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New Yorker staff writer D.T. Max to speak on David Foster Wallace

New Yorker staff writer D.T. Max to speak on David Foster Wallace

By Julia Waldow

It is a warm day in May 2005. Hundreds of Kenyon graduates and their family members lean forward in their seats, listening intently, to novelist and essayist David Foster Wallace give one of today’s best-known commencement speeches.

“There are these two young fish swimming along and they happen to meet an older fish swimming the other way, who nods at them and says, ムMorning, boys. How’s the water?'” Wallace begins. “And the two young fish swim on for a bit, and then eventually one of them looks over at the other and goes, ムWhat the hell is water?'”

The message Wallace delivered in “This is Water” about being conscious of one’s surroundings forms a core part of journalist D.T. Max’s newest book, Every Love Story is a Ghost Story: A Life of David Foster Wallace.

Max, who will discuss Wallace on Tuesday, Oct. 1 from 7 to 9 p.m. in Rosse Hall, believes the author offers valuable life lessons to his audience, both at Kenyon and beyond.

“I think what [Wallace] teaches, and I think that his speech shows this too, is the importance of being aware and awake in your own life,” Max, a staff writer for The New Yorker, said.

Cosponsored by The Kenyon Review and Student Lectureships, Max’s lecture will focus on Wallace’s creative works, as well as his struggle with depression and his suicide in 2008.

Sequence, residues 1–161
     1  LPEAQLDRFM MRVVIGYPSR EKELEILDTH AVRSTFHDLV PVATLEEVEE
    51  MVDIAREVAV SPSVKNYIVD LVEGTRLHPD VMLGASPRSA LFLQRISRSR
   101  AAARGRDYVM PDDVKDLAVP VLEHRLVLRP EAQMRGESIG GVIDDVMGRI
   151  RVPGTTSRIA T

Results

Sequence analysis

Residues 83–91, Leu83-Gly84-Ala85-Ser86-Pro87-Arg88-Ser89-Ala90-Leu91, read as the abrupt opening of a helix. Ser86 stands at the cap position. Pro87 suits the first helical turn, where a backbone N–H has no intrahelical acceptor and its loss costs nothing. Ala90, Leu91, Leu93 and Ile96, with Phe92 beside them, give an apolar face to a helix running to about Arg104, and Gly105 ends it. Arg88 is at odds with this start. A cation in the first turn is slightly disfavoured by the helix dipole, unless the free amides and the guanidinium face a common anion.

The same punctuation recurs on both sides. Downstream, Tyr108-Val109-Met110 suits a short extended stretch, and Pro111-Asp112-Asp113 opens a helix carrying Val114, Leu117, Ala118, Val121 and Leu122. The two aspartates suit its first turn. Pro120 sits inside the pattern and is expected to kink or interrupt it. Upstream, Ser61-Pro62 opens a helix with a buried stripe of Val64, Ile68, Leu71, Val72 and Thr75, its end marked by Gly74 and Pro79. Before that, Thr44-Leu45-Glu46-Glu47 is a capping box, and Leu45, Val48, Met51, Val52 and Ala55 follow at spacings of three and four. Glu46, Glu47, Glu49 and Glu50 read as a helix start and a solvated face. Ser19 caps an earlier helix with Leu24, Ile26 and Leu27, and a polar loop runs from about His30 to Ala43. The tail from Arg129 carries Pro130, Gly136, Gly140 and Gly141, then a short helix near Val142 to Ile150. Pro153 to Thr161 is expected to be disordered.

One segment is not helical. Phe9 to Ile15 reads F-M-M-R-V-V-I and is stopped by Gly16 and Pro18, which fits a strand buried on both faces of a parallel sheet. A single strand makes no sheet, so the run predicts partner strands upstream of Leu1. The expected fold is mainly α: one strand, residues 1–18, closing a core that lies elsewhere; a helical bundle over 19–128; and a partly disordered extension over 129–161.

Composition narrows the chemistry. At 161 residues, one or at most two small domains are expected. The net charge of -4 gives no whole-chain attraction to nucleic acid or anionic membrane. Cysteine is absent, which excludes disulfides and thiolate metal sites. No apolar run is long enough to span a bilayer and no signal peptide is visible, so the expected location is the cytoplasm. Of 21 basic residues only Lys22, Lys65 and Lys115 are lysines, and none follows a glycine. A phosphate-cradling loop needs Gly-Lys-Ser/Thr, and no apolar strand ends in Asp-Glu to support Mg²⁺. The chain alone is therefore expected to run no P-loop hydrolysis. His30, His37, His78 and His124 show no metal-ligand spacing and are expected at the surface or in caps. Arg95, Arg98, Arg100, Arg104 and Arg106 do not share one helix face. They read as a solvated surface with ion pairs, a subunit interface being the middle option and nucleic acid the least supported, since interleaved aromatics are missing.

“Wallace is a physical embodiment of the emotional trauma we go through in order to experience life to its fullest and create the highest level of creative output possible,” Adam Brill ’17, who heard Max speak in Washington, D.C., said. “I think that his story is unfortunate, but it’s important to know about because he struggled with real things ラ not only things that drug addicts deal with, but things that affect people who are addicted to stimuli in the age of entertainment.”

Max first became interested in writing a biography about Wallace while investigating his life and death for The New Yorker.

“The New Yorker pieces are long, about 10,000 words, but when I was done with that article, I still felt like I had only begun to get to know Wallace,” Max said. “And I also wanted to find an excuse to spend my time reading his books again.”

Student Lectureships Co-Chair Max Rappoport ’14 believes students and staff alike will benefit from reading and hearing Max’s story about one of Kenyon’s most celebrated commencement speakers.

“Student Lectureships is mainly for the benefit of the student body, and we saw this as a good way to bring in an interesting speaker,” Rappoport said. “With David Foster Wallace’s history at Kenyon, we thought it would be a good draw for the students and be an interesting topic and a good event overall.”

Max considers his visit to Kenyon, the birthplace of “This is Water,” to be a “magic weirdness” and believes the College encourages Wallace’s philosophy.

“I think that in Wallace’s life ナ you see ナ this fervent need to be bold in life,” he said. “I think that’s something that Kenyon College addresses, too ラ not that you have to be successful or make a million dollars or be a doctor or a famous writer, but that you just can’t sleepwalk through your own life.”

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